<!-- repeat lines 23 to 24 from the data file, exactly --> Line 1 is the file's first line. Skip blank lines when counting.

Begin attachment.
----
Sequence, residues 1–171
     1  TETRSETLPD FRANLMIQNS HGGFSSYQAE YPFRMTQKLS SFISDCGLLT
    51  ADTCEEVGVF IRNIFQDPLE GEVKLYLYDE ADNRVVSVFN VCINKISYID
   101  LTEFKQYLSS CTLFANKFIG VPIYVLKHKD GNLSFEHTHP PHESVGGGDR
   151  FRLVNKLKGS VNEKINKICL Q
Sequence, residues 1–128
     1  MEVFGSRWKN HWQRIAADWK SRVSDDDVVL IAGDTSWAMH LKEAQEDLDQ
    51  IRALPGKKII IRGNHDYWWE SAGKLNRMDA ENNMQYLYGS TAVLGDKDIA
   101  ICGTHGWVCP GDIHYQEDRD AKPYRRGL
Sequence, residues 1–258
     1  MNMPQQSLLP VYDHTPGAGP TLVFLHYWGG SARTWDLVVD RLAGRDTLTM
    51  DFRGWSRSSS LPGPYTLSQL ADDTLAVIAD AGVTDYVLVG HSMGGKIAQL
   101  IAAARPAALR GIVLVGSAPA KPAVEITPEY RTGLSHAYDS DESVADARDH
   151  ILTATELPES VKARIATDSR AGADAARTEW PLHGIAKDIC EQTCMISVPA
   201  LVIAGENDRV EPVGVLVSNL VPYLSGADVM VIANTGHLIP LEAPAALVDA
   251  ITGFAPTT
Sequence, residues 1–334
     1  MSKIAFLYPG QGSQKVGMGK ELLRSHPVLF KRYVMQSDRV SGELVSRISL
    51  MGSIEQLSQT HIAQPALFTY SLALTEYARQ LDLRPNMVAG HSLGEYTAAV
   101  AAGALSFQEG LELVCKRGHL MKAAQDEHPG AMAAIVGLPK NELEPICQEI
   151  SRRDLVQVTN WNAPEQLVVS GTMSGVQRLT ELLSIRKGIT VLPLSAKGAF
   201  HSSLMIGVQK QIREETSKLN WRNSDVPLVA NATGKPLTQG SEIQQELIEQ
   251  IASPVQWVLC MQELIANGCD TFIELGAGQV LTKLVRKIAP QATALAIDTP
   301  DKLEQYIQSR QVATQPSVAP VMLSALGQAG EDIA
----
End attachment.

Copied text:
   251  IASPVQWVLC MQELIANGCD TFIELGAGQV LTKLVRKIAP QATALAIDTP
   301  DKLEQYIQSR QVATQPSVAP VMLSALGQAG EDIA